Philip Rivers

Frank Reich could be wrong. I could be wrong. But Rivers can still make all the throws if he’s protected, which he should be in Indianapolis. Even considering Rivers’ one-year, $25 million contract, I’d rather have a chance at catching lightning in a bottle than rolling with a younger, cheaper player who is less likely to be an asset.



Gardner Minshew

If you take away his draft profile and judge Minshew purely on his tape, he looks like a better prospect than Josh Allen and Daniel Jones. He could be the next Jeff Garcia or the next Case Keenum, both of which are good outcomes for a sixth-round pick due less than $2.5 million total over the next three years.



Josh Allen

Decision-making, accuracy and athleticism are the three traits I value highest in quarterbacks. While Allen made significant progress in his second season, I fear that he’ll always fail to check two of those three boxes. With the soon-to-be 24-year-old supported by a sneakily strong roster in Buffalo, this is a massive year for Allen’s future. So far, he’s looked closer to Blake Bortles or Mitchell Trubisky than Cam Newton, as an overstuffed box of tools that don’t quite all work together. Allen may never look more promising than after Year 2 in the NFL. If I’m wrong, I’ll take that L from Bills Mafia will aplomb.



Daniel Jones

Jones’ rookie season probably confirmed your priors. If you were a believer, he showed enough to latch on to. If not, his 68 combined fumbles, interceptions and sacks taken made him look like a poor man’s Jameis Winston. I didn’t have any priors, so this ranking is my way of saying I don’t know and want to see more.



Teddy Bridgewater

The best-case scenario for Bridgewater is a career arc like Alex Smith’s, a player he’s always reminded me of. Halfway through his career, Smith landed with the perfect coaches for his skill set to become a mid-level starter for winning teams. Bridgewater may just have found the right situation with new Panthers coach Matt Rhule — and the contract is the smallest long-term deal for any veteran starter in the league.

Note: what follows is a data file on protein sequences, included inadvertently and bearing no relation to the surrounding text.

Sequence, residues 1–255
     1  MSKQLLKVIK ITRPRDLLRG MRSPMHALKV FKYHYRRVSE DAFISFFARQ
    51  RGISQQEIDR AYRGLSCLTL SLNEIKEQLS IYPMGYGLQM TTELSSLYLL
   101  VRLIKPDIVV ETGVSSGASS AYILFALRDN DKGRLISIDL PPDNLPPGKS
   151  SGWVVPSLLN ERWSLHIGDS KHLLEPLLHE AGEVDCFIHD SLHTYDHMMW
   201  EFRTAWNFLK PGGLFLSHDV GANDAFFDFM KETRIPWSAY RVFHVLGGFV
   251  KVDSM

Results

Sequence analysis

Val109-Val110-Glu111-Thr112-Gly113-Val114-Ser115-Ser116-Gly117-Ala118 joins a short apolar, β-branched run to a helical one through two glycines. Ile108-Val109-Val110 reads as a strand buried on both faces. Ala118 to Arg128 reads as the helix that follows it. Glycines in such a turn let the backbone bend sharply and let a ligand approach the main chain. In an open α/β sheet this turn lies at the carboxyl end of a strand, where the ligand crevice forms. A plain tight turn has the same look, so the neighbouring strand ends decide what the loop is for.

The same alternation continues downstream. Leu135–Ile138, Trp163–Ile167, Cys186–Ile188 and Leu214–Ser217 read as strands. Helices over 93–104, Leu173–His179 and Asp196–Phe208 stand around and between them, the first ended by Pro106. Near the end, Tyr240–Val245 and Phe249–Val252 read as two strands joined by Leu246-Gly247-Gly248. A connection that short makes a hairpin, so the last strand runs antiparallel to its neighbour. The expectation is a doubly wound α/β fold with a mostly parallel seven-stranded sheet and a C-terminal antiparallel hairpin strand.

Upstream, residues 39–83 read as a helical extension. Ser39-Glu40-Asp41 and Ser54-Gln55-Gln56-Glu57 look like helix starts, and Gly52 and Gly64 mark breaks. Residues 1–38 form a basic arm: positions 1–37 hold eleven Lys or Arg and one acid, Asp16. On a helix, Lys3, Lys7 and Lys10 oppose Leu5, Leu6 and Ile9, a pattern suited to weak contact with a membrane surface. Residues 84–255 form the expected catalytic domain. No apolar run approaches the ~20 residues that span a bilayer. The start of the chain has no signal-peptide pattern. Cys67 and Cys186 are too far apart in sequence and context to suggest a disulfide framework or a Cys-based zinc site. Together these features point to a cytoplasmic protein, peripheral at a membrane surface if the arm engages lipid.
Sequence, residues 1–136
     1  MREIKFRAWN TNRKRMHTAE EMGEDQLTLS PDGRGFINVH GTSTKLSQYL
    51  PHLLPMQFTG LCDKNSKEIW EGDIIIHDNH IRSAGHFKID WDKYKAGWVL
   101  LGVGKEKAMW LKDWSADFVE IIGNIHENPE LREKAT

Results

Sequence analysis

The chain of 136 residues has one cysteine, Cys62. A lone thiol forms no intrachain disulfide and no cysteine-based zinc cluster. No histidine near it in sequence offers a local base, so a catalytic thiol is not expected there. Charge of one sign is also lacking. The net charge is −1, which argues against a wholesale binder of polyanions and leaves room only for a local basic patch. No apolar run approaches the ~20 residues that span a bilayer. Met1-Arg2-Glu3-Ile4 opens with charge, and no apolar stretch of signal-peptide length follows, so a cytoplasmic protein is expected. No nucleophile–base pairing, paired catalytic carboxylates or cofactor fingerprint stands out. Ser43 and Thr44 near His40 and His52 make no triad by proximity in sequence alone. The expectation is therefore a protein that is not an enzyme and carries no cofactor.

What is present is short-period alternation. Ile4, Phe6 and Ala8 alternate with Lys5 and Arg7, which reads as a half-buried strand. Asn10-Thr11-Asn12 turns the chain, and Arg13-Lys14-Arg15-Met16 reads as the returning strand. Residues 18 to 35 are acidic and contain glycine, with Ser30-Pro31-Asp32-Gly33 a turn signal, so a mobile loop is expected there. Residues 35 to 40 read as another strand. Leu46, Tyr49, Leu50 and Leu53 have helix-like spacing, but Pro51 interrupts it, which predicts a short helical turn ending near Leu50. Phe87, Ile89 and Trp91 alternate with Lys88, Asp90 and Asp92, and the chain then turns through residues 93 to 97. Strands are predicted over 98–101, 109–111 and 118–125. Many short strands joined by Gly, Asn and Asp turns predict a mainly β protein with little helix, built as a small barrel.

Dwayne Haskins

Haskins delivers the type of anticipatory throws downfield that make scouts fall in love and he improved as his rookie season wore on. If Kyle Allen truly is competing to start with him, however, Haskins may have already found a coaching staff with doubts.



Drew Lock

The allure of upside, of finally finding a young solution at quarterback is strong. It’s why John Elway once offered a top-shelf deal to Brock Osweiler and why the Broncos are apparently all-in on Lock after five dramatic starts that were uneven, if promising for a rookie. The Broncos would be crazy not to look into signing Cam Newton, Andy Dalton or Jameis Winston as a Plan B.



Nick Foles

It was surprising that the Bears gave up a fourth-round pick to take on Foles’ contract, even if it was adjusted. Still, NFL Network Insider Ian Rapoport reported this week that the former Super Bowl MVP will get $21 fully guaranteed on what amounts to a two-year deal, which isn’t terrible for someone with Foles’ familiarity in Matt Nagy’s scheme. We’ve seen what Foles can do at his best and it’s a lot better than Trubisky’s offerings.



Andy Dalton

Dalton is a great example of how the quarterback position is deeper than ever. The prime meridian of starting quarterbacks for much of his career, the Red Rifle proves how what we consider an average starter these days has changed. With that said, he’s a better player than this ranking indicates. The placement is more a reflection that he’s 32 years old and has one year and $17.7 million left on a contract signed back in 2014. That deal no longer makes sense for the Bengals or anyone else.